On the other hand — speaking as someone who has personally “euthanized” hundreds of mice via carbon dioxide and seen others do so — this is not a foolproof answer.  CO2 euthanasia is only a quiet, peaceful death if it is performed very slowly, very carefully, on one animal at a time.  (Even that’s debatable — there’s still a happy section of science cheerfully turning out papers on whether or not CO2 euthanasia is “euthanasia” at all.)  I strongly suspect that the fast-paced world of the high-volume slaughterhouse is not going to combine well with the slow and careful process of humane CO2 euthanasia.  Captive-bolt stunning, which is already used by the factories, is, in itself, a humane procedure.  However, the speed at which a large slaughterhouse operates renders captive-bolt stunning inhumane because proper procedures are unable to be followed and the animals are not properly stunned.  I think the same issues will affect CO2 euthanasia if it is used in high-volume slaughterhouse operations.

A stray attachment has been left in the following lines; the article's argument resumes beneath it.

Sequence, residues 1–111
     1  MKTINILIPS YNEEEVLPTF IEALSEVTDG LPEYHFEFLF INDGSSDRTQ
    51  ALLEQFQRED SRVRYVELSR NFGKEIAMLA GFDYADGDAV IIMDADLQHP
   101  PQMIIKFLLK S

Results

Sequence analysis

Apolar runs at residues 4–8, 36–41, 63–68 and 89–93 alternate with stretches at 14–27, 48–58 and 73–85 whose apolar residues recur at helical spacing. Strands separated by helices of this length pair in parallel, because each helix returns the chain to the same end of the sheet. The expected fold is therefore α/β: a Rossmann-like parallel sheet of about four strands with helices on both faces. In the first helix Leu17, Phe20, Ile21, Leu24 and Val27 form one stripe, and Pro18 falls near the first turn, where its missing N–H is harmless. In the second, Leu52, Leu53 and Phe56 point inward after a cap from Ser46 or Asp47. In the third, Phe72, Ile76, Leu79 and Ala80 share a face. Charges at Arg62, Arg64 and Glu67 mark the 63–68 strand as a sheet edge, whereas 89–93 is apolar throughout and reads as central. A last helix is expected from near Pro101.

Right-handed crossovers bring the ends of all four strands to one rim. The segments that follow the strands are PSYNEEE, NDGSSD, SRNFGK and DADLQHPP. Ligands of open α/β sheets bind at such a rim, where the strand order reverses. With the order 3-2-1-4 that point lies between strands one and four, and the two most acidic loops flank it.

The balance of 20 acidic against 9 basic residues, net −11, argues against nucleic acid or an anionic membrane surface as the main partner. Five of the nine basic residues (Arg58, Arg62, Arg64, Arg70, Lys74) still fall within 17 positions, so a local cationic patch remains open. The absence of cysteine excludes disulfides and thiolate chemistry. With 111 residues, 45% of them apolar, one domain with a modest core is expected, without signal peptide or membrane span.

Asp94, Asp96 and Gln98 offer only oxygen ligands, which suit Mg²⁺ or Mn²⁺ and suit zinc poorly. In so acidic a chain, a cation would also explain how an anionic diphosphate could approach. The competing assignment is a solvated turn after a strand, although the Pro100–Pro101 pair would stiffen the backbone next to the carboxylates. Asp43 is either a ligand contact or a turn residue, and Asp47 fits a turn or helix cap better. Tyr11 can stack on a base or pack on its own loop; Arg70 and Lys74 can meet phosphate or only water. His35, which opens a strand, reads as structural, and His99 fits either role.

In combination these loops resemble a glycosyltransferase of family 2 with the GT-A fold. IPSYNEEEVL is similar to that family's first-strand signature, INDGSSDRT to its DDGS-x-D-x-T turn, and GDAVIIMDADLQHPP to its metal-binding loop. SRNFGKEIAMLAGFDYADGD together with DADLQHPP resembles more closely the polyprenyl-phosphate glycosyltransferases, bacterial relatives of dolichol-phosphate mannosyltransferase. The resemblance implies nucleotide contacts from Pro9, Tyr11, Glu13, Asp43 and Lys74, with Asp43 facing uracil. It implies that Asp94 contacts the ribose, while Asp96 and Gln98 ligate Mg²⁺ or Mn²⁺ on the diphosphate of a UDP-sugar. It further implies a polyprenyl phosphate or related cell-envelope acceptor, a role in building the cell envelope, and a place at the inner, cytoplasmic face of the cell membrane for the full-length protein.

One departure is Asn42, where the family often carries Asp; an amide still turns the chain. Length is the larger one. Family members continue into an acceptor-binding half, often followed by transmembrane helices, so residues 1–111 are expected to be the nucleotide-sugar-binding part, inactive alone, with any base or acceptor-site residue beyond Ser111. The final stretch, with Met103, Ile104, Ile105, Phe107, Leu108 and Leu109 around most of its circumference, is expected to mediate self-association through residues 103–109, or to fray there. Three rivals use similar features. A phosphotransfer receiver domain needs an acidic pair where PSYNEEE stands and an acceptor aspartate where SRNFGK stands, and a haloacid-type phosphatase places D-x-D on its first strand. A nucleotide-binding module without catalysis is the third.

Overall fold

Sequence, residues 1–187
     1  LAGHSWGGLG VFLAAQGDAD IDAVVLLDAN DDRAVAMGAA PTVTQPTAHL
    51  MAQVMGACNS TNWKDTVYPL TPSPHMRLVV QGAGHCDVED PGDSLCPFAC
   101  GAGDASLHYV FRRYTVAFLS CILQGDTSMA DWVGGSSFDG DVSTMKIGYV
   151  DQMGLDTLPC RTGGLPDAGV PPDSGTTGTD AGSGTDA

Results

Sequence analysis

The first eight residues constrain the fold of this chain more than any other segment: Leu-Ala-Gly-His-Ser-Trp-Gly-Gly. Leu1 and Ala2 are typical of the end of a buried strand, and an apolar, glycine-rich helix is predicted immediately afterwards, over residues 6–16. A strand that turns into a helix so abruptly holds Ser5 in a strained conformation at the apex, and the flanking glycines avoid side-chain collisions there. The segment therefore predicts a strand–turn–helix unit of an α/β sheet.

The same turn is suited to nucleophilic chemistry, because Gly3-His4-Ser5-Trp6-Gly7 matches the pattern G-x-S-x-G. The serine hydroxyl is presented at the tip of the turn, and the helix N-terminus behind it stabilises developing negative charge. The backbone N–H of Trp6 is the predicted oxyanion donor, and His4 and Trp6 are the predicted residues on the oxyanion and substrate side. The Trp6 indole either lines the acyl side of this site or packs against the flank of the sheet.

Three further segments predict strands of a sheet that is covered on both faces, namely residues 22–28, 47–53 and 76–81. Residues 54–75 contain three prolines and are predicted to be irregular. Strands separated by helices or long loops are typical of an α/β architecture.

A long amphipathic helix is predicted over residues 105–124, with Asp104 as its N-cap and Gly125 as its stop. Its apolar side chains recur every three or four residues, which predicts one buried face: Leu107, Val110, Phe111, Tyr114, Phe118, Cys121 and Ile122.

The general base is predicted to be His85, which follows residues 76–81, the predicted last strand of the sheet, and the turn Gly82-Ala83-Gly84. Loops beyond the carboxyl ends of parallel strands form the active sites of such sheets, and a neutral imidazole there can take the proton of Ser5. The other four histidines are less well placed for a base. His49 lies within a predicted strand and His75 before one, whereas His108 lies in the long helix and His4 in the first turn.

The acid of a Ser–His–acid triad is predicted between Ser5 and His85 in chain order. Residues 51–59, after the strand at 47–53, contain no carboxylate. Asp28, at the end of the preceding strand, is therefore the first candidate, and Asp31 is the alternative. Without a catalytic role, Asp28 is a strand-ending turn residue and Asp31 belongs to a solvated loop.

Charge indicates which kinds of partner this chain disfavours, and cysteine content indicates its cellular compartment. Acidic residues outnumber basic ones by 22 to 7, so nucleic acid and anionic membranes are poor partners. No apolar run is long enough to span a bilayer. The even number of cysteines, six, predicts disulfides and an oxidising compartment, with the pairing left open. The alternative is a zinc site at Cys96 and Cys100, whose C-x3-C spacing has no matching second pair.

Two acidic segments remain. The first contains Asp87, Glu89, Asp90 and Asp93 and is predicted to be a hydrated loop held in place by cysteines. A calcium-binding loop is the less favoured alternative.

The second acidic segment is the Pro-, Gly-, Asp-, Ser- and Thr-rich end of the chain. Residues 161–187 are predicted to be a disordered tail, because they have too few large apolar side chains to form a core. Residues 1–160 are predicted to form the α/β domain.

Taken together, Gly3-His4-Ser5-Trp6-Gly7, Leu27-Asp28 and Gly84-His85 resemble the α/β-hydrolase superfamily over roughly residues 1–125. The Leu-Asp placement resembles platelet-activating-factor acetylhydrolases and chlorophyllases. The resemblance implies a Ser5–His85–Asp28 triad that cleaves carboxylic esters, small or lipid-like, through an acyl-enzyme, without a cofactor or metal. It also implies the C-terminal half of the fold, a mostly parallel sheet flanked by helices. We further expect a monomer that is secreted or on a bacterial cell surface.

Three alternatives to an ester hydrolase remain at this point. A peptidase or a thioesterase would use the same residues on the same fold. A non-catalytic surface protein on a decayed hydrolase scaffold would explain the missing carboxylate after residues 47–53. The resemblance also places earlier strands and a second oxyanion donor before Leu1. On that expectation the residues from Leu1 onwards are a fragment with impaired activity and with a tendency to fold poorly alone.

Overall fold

First, the size of the operation itself is going to induce pressure to make the process of filling the gas chamber, which should be a carefully monitored, slow procedure, a quick-and-dirty one.  The chicken factory mentioned in the link above, at least, appears to be talking about processing hundreds of birds at a time — according to the article, the containers in which the birds are shipped to the plant will go into a huge CO2 chamber, which will need to be room sized at least.  How to fill such a room?  Recommendations vary, but the average is something like 10% of room air replaced with CO2 per minute — that’s at least ten minutes to fill the chamber with gas.  (There are arguments for and against pre-filling the chamber with gas, or using faster filling speeds, but that discussion must be saved for a different article.)  The chamber will then need to be cleared of gas before workers enter and remove the birds (or the workers will need breathing apparatus).  This is all going to take time, which high-speed workers do not have.